I sit here at my computer, in the early morning, thinking about the events of the last week. The loss of three iconic figures to cancer only highlights the loss I am feeling in my life for a very close friend – all due to cancer.
I took a step back from my usual social media activities just for a bit to try to make sense of it all, and I realized that there really is no sense of it all. Cancer strikes without warning and hits indiscriminately. Some are given time to battle, and some win – some don’t. Others have no time to battle as it has already silently raged within the body leaving no room for possibilities of defeating this enemy of life.
I have a story to tell about my friend. It is a story that is personal, but I feel I need to share it as part of my healing process. As I write this, I can hear her in the background saying, “You go, Goddess Girl!” And she laughs her deep belly laugh with her eyes that shine so bright with love and kindness.
She has been a source of strength to me and has been a quiet warrior in my own personal battles through the last ten years. She and I met through our spiritual practices, and the bond was already there. As Buddhists, we recognized that we were connected through past lives, and we were grateful to be able to share this one as well. As fellow Goddesses, we drummed our stories weaving the threads even tighter.
She went through her own personal battles, and I was there with her during them all. Her painful divorce, her battle with her son, her heart surgery recovery, and her decision to marry again a few short years ago. Neither of us ever had to call the other when something was pounding down our doorstep. We would just know.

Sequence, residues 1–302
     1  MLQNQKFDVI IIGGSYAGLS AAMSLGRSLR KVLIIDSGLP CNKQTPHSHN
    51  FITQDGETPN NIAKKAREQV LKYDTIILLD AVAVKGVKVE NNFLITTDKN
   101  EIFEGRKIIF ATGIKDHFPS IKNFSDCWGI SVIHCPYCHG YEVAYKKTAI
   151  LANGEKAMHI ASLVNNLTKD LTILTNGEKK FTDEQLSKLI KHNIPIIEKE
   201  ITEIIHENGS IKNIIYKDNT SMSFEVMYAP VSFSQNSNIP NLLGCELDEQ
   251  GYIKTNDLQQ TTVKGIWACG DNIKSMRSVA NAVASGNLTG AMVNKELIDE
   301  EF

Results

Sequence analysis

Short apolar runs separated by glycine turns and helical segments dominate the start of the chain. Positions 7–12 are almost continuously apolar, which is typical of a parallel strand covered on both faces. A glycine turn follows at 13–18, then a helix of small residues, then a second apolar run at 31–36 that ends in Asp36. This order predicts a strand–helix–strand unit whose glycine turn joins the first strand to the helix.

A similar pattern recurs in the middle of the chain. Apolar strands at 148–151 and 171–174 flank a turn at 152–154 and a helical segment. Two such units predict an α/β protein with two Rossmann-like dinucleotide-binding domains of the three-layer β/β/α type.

A year ago, she began having chest pain. She had gone through a double bypass surgery about five years ago, so immediately the doctors jumped on that possibility. But everything was normal. She continued to complain of chest pain, but this was different. It felt muscular and deep, but the physicians only saw a woman who was more than likely having muscular pain from the scar tissue. She went through physical therapy and only worsened.
Finally two weeks ago, her husband of four years, stepped in and took her to one more new specialist. He “humored” her and ran a series of tests that included an MRI and a CT Scan with contrasts. And there it was! Her chest was filled with tumors that extended from the sternum, to the throat, to her shoulders, and reaching her brain. Advanced stage with no treatments to even try to fight it off. She was give two months at best, but more than likely only a few short weeks.
Her husband wanted to remain in LA with this physician, but she, being the strong warrior she is, has decided to go to her precious cabin in the woods to make her transition. It was her dream to retire there in a couple of years. She and her husband had gutted the existing cabin and made it completely hers – a Boho gypsy cabin in the mountains surrounded by woods and wildlife with a labyrinth dedicated to the Goddess and a zen garden dedicated to the Buddha..
Last night, on her way to her cabin, she made a weekend stop to say goodby to her son and grandchildren. I sat with her on her bed. We drummed and chanted to her next life. We drummed and chanted to this amazing life she had enjoyed so much. She cried and I held her. I cried and she held me.
But we refused to say goodbye. I know we’ll see each other again in the next life. And quite frankly, how do you say goodbye to a spirit that is so free and so wild.
So, I sit here after a night of raging tears. I am angry that this monster is hitting so many people. I am angry that we continue to pour chemicals into our environment and our bodies giving this monster life to breath. And I am angry that I am losing such a vital part of my life to this monster.
Yes, I know all of the phrases. But for now, I grieve and mourn my friend. She does not want a funeral or a memorial. In fact, she wants no one to come to her cabin. She wants to go alone with just she and her husband.
I will not see her again in this life. I will keep a part of her with me. I will keep the gift of her love and deep sisterhood she gave me. She will always be there in my heart. But, dammit, I sure will miss her hugs.
~CWylde (c) 2016